Potters

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The potters themselves tell us: Our ancestors were the first to occupy the [Rwandan] territory when it was entirely covered with forest. Their happiness and pleasure to live their way of life and the plenty of the resources they found in their environment have been disrupted by the farmers who arrived as the second. They invaded the forest and our ancestors were periodically forced to move away from machetes and hoes. At the moment when the stock breeder arrived with their troops of cattle the forest had almost completely disappeared.  (An oral story, according to Chris Huggins: Les lois foncières historiques et contemporaines et leur incidence sur les droits fonciers des peoples autochtones au Rwanda, Moreton-Marsh 2009; p. 1).

For the longest time the community of potters has been living on the Rwandan territory. Their history shows that they had been living in the forests where they lived on the basis of hunting and gathering. But since the beginning of the 19th century they have been expelled of their nourishing mother “forest” by the successive deforestation and the creation of national parks and protected areas (until the 1990ies). As a result today no potter at all lives in the forest.   Unfortunately the potters were neither prepared nor compensated for their land.

Today the Rwandese community of Potters represents a minority of less than 1% of the Rwandese population. At the same time it is the poorest and most vulnerable group of Rwanda. Known under the different designations like “autochthon population”, “Batwa”, “Potters”, “Pygmies”, “former hunters and gatherers” and “historically marginalized population” the potters have been stigmatized by the other Rwandans because of their way of living and have been suffering from social, economic and cultural discrimination and marginalization. The majority of the potter’s community lives separate from the Rwandese society because of their extreme and chronic poverty which is proved by different inquiries:

Field of Health

In the field of health the survey on the living conditions of the potters (COPORWA 2004) observes that about the half of all potters fall ill every month. Only 21% of the ill persons get medical care. The main reason for this are missing financial means. Besides the increased infant mortality rate in the potter’s community follows from food insecurity and malnutrition.

Educational field

According to COPORWA’s survey of 2044 77% of all potters aren’t able to read nor to write nor to count. Less than 1% went to secondary school and a insignificant number has been studying at university. This lack of education is one reason for the pitiful socio-economic situation of COPORWA’s beneficiaries.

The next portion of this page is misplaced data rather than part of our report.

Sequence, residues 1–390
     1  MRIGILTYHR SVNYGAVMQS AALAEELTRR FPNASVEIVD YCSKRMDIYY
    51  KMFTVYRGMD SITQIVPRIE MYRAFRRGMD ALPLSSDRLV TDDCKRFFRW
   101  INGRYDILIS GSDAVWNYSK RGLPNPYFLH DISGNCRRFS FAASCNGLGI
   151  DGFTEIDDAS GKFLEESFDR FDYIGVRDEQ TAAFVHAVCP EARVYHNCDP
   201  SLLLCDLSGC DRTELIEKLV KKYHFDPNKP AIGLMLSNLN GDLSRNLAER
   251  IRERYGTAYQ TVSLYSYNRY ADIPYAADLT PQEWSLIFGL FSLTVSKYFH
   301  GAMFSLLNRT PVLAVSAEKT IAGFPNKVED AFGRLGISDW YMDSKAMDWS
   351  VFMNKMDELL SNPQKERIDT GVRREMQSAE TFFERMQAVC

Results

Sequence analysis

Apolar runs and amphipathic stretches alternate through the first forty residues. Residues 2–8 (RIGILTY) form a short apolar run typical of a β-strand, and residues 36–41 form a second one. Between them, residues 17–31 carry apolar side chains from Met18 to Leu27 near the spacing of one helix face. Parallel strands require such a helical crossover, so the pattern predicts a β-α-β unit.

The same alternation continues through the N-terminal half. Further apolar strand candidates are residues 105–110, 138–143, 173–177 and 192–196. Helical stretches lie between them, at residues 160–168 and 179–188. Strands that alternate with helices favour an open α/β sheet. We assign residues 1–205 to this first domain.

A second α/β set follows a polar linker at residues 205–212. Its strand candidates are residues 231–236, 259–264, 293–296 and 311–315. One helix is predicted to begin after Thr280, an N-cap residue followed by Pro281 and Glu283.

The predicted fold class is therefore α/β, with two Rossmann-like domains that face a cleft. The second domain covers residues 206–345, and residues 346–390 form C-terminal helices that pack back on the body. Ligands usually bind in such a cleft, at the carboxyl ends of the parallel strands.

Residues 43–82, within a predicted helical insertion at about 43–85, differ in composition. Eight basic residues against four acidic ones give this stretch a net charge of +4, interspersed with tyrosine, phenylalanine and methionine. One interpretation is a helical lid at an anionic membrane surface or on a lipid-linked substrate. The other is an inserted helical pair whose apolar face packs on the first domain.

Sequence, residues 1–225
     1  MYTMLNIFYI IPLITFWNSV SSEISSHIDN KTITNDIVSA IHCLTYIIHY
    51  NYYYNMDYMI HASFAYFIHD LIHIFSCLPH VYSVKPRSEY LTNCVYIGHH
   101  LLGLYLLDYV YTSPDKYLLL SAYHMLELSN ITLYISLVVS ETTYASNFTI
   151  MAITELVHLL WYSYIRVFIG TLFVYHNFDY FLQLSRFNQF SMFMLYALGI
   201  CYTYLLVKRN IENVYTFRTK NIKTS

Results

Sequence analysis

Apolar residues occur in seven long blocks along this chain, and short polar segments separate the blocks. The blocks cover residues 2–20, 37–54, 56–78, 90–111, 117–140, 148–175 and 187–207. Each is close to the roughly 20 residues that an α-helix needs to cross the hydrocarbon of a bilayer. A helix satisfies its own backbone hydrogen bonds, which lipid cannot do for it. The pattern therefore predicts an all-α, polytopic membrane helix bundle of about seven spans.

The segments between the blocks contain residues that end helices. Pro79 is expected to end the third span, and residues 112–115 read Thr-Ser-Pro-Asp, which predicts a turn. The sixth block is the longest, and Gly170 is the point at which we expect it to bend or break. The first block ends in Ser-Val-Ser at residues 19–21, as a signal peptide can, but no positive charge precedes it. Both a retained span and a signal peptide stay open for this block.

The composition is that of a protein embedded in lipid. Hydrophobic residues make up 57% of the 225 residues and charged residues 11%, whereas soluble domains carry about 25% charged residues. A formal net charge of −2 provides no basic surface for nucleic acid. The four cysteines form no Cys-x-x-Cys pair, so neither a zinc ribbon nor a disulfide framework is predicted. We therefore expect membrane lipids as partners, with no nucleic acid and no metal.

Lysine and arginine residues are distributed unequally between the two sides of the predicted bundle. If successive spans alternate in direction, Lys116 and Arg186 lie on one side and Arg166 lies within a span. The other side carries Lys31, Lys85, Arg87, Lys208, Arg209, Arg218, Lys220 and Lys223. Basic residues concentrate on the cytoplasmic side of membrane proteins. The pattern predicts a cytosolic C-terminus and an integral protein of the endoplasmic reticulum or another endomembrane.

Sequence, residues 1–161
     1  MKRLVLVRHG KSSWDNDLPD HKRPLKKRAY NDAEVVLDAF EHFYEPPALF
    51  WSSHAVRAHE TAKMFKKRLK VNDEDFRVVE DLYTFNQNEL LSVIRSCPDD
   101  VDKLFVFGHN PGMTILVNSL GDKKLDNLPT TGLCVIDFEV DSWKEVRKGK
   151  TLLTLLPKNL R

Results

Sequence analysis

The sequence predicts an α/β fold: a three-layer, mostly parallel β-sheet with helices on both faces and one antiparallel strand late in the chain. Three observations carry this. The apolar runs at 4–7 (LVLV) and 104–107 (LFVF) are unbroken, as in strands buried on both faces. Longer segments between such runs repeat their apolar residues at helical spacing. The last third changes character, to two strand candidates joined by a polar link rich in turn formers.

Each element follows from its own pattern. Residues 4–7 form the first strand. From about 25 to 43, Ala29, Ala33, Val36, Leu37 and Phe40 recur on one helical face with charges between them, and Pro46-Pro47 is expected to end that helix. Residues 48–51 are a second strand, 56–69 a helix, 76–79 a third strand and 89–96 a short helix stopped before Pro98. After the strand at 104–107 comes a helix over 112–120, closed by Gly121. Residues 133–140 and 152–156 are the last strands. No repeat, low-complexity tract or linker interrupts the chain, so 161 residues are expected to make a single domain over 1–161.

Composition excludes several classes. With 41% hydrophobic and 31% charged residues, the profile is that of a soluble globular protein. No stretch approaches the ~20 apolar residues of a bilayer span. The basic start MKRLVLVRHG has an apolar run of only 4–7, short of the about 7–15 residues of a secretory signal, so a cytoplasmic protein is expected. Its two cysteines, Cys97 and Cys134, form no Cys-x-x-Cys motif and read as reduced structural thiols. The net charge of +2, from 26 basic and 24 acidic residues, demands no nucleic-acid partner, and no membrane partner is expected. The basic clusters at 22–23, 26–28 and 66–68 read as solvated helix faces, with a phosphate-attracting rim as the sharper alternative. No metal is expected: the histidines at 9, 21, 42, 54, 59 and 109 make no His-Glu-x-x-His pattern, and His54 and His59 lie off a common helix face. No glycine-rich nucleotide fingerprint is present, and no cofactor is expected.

Socio-economic field

The vulnerable groups of Rwanda are the orphans of the genocide, widows, refugees and Batwa, who are known as potter’s community.  The vulnerability of this community finds expression in their low level of income, for example. The monthly income of the active occupied population among COPORWA’s beneficiaries is about 3.250 RWF (survey of 2004). But although the potter’s community is represented in the Senate, the potters don not profit from all governmental programs. Just to give an example, lots of potter families don’t benefit from the “one cow, one family”-program. After their expulsion out of the forests this community began to make pottery in search of new income. But in the course of time they have been refused to get access to lands and marshes and swamps, which would be necessary to find clay. Furthermore all marshes were set under control of the state in 2005. Up to now the access to marshes more and more is reserved for agricultural cooperatives that are specializing in the commercial production of rice or corn. Nowadays the potter’s income depends almost only on the pottery. Further to the lack of training and employment 95% of all beneficiaries of the COPORWA asbl exercise traditional pottery. But they have to sell their products cheaper than the costs of production. A minority of the potters works in the agricultural sector, which is really little in comparison to the percentage of 90% in the whole Rwanda. This can be explained easily: the potters don’t possess cultivable land or agricultural materials and their land has been confiscated.

And it is necessary to notice that the report of the commission which had been charged with social affairs by the Senate (2007) recommends that the potter’s problems must be treated in a special manner.

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